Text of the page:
0.0484135Presumed benign.1
31ERCC6-R1230PLowUncertainUncertain benign

Unknown, Heterozygous
0.0695297Probably benign.1
32TYR-S192YLowUncertainUncertain benign

Unknown, Heterozygous
0.270682This variant is reported to affect skin pigmentation. It is associated with lighter skin in South Asians (OR 4-5) and with a lack of freckles in Europeans (OR 1.3).1
33APOB-Y1422CLowUncertainUncertain benign

Unknown, Homozygous
0.999628This position is almost certainly an error in the HG18 reference sequence. 1
34CASP8-M1TLowUncertainUncertain benign

Unknown, Heterozygous
0.0310451Probably benign. Although start codons can be extremely disruptive and this gene is implicated in a rare disease (autoimmune lymphoproliferative syndrome), the allele frequency for this variant (2-3%) is high enough to contradict such a strong pathogenic effect. This may be because the gene has many other transcripts that do not include this position as exonic.1
35SLC45A2-L374FLowUncertainUncertain benign

Unknown, Homozygous
0.691764Pigmentation allele for non-black hair, and consequently, possible increased susceptibility to malignant melanoma.1
36PHYH-P29SLowUncertainUncertain benign

Unknown, Heterozygous
0.155326Probably benign. This variant was implicated as causing Refsum Disease in a recessive manner, but a subsequent publication noted that all instances were linked with other explanatory mutations. The high allele frequency of this variant in the population (7-13%) contradicts a pathogenic hypothesis.1
37PCSK9-G670ELowUncertainUncertain benign

Unknown, Homozygous
0.888269This variant is likely benign. 1
38ABCC11-G180RLowUncertainUncertain benign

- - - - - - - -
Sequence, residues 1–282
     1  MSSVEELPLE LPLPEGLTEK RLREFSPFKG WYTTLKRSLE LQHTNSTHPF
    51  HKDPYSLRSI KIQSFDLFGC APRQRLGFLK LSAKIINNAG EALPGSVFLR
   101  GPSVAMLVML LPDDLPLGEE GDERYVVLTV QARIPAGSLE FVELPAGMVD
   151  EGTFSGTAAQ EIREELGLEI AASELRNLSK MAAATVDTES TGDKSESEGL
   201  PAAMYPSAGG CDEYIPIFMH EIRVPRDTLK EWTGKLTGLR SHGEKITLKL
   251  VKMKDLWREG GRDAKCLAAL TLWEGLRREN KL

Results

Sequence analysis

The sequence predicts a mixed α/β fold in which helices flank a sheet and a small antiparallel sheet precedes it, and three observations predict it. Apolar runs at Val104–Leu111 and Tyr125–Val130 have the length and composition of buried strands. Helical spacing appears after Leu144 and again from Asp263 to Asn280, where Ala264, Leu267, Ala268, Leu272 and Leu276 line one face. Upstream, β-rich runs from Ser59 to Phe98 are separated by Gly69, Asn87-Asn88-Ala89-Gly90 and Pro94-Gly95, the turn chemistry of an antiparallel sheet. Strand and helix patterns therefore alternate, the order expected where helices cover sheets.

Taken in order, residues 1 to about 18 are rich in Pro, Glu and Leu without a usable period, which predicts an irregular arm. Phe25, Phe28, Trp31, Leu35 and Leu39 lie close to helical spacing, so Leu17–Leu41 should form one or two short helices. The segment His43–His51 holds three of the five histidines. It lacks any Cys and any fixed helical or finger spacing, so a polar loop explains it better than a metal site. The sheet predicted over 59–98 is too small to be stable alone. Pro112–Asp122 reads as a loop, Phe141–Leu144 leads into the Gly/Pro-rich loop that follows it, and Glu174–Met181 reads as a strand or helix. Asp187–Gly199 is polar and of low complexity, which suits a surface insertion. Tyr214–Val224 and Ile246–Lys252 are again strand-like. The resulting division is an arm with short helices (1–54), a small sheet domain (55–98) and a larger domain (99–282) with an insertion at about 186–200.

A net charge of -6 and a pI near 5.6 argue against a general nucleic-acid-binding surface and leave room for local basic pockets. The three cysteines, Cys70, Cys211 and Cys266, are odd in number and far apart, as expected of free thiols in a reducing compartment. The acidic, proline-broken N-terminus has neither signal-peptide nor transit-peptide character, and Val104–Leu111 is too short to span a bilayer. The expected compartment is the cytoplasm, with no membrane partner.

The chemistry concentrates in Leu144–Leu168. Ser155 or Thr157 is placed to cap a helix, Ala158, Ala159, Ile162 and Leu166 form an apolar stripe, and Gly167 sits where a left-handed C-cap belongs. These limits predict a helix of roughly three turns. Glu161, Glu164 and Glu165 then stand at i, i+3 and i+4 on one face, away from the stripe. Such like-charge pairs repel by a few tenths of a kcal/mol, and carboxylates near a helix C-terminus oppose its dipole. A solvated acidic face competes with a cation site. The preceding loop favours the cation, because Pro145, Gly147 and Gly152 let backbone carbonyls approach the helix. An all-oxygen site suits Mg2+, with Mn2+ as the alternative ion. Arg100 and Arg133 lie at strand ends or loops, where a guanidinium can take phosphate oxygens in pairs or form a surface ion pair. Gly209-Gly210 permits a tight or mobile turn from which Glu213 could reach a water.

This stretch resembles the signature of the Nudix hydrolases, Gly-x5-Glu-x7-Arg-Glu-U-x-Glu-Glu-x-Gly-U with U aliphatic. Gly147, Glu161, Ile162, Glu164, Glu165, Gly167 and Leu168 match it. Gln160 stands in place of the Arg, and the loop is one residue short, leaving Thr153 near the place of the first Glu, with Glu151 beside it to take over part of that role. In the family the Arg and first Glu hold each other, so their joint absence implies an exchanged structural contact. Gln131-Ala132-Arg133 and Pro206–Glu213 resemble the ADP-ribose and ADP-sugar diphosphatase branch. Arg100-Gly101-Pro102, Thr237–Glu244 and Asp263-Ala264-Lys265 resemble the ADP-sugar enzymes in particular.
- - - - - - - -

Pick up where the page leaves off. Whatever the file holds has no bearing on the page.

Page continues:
Unknown, Heterozygous
0.0976947This variant is associated with dry type ear wax (a benign trait) in a recessive manner.1
39MAPT-R370WLowUncertainUncertain benign

Unknown, Heterozygous
0.155549Probably benign.1
40PTCH1-P1315LLowUncertainUncertain benign

Unknown, Heterozygous
0.29631Common polymorphism, presumed benign.1
41RAPSN-R58CLowUncertainUncertain benign

Unknown, Heterozygous
0.0778026Reported as non-pathogenic polymorphism. 1
42F5-M413TLowUncertainUncertain benign

Unknown, Heterozygous
0.0580963Presumed benign. This variant is not particularly rare and has not been reported to cause disease.1
43HR-T1022ALowUncertainUncertain benign

Recessive, Carrier (Heterozygous)
0.0969511Probably benign. One study implicated it in causing alopecia universalis, but a later report noted the variant has an allele frequency inconsistent with the rarity of that disease.1
44RP1-N985YLowUncertainUncertain benign

Unknown, Heterozygous
0.348671Probably benign. One report linked this variant to high triglycerides, but a later paper found a nearby SNP with similar association and suggests that both findings are caused by linkage to an undiscovered causal variant.1
45F5-D2222GLowUncertainUncertain benign

Unknown, Heterozygous
0.0448968Other mutations in this gene are associated with Factor 5 deficiency. There is no literature implicating this variant, however, and it is fairly common in the population (3.8% in HapMap), and so it is currently labeled as benign.1
VariantPrioritization scoreAllele
freq
Num of
articles
Zygosity and Prioritization Score Reasons

Gene search

"GENE" or "GENE A123C":